Ugandan schools urged to offer gay cure therapy ‘because of lesbianism’ by Christian charity Mothers Union
Schools in Uganda are being urged to offer students so-called ‘gay cure’ counseling.
Mothers Union Uganda, an international Christian charity affiliated to the Anglican Church, has told schools to stop expelling lesbian students.
Instead they are urging schools in the deeply homophobic country to give young people ‘gay cure’ therapy.
It has also been revealed that some schools are spying on students in a bid to work out who might LGBT.
Mothers Union Uganada president, Ruth Sennyonyi, claims the students need therapy to stop more lesbians being created.
The Christian group claims expelling students who exhibit “lesbianism” and sending them to new schools causes there to be more lesbians.
There is, of course, no truth to claims a person can be ‘cured’ of their sexuality.
President Sennyonyi said: “We cannot keep sending children away from schools because of lesbianism.
“We have to deal with the problem, because they chase you from Nabingo, they chase you from Gayaza and what do they do?
“They send them to me: ‘talk to them, we have expelled them.’
“Then where are they going? So, we need to deal with that problem in the schools.
“We are working yes, we don’t want lesbianism, we don’t want homosexuality but we need to prevent it from happening rather than just chasing away,” she said.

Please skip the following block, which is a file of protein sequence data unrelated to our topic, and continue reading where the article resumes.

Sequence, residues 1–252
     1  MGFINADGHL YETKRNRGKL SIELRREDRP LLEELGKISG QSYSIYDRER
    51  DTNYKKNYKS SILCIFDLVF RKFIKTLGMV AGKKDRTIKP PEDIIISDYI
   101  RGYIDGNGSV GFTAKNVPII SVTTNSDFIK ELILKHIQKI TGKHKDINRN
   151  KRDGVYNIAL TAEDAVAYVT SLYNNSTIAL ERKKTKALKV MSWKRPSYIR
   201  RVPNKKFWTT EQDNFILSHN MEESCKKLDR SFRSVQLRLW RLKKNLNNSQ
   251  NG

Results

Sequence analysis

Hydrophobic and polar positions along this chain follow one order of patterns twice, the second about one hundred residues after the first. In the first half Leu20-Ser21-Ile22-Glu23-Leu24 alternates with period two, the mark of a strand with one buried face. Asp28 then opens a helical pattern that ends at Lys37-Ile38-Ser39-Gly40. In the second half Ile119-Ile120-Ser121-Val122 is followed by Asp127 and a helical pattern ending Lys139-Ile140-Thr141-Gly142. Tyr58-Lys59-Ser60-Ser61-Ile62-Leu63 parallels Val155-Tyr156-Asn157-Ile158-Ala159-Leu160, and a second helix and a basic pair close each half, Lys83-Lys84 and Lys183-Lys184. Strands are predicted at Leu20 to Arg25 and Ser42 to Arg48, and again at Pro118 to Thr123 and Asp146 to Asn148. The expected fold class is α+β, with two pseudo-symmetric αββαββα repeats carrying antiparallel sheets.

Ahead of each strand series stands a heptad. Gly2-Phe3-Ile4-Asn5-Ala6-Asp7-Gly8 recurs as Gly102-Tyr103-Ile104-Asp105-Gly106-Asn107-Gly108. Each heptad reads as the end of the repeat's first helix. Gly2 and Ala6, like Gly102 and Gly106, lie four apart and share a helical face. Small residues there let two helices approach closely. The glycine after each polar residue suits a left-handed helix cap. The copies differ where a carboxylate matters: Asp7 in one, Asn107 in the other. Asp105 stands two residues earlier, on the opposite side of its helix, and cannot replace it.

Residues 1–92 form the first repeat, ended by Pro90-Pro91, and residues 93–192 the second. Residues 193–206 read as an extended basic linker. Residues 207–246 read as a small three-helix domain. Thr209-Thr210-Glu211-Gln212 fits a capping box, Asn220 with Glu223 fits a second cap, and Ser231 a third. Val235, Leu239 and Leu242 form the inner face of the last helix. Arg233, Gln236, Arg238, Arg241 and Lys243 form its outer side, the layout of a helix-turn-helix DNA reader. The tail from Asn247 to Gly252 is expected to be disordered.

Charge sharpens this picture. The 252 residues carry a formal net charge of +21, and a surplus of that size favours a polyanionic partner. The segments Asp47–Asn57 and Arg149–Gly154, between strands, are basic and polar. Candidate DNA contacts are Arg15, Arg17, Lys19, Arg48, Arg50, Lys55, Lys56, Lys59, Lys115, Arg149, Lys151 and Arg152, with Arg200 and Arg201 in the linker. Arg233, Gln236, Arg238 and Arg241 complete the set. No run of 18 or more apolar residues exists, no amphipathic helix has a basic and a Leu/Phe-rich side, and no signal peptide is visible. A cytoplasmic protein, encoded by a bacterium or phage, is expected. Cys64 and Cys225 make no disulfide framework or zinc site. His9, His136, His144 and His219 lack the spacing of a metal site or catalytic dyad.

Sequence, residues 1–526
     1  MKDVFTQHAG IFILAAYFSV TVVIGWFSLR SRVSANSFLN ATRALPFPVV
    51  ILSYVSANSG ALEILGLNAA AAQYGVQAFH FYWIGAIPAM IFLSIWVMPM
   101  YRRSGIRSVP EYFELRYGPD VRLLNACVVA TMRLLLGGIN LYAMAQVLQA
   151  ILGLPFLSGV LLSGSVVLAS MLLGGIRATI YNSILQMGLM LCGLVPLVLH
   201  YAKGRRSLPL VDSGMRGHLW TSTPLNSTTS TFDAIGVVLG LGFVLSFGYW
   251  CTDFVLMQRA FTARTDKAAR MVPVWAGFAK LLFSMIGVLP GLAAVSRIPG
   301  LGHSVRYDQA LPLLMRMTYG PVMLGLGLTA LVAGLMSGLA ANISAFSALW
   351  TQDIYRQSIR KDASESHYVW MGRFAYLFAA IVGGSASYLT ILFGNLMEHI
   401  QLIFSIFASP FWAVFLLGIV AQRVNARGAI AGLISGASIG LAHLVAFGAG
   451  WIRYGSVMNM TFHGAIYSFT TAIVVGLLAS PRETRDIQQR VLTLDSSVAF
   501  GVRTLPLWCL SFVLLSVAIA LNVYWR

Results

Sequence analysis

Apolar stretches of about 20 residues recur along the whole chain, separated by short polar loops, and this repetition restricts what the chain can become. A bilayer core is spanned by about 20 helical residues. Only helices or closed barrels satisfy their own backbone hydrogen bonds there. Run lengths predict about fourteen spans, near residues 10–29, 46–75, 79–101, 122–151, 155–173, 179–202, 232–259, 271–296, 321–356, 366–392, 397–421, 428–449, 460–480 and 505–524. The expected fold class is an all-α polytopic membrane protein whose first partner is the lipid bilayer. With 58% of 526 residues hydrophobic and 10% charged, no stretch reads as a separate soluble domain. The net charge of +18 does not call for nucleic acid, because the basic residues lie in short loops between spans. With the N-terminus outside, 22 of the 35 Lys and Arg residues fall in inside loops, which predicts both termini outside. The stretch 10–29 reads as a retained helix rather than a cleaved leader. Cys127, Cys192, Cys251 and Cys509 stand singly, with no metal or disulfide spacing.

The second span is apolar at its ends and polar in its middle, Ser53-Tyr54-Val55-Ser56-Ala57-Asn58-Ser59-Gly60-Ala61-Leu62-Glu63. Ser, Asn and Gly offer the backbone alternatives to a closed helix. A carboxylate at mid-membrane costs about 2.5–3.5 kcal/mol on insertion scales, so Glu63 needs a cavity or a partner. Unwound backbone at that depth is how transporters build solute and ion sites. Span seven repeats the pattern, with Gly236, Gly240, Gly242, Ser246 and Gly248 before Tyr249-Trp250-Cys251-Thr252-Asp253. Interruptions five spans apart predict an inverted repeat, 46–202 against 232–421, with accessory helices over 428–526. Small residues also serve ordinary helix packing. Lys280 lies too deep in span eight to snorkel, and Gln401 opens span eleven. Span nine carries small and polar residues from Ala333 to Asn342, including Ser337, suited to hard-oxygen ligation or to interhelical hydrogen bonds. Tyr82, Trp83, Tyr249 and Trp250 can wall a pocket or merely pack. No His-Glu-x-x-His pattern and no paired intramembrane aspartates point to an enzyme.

In a shocking revelation, the state’s minister for gender and cultural affairs, Peace Mutuuzo, revealed schools are using spies to identify gay and bi students.
He also called for mandatory lessons in universities explaining to first-year students why they should avoid same-sex relations.
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He told The Observer Uganda: “It is dangerous because these girls have learnt about this lesbianism from schools to begin with.
“It is not common for these acts to begin at home, they begin at school.
“So, dealing with lesbianism from school is critically important. Schools must identify, we used to have prefects, we used to have spies.
“They still do exist. Those structures should not break.
“Instead of punishing this child by sending her to go and face the wrath of the world or transfer her behaviours from one school to another, we’d rather deal with the matter from school”, Mutuuzo said.
Homosexuality remains illegal in Uganada, with life impisonments for the apparent crime of “aggrevated homosexuality”.
The 2007 Pew Global Attitudes Project found that 96% of Uganadans believe homosexuality is “a way of life that should not be tolerated”.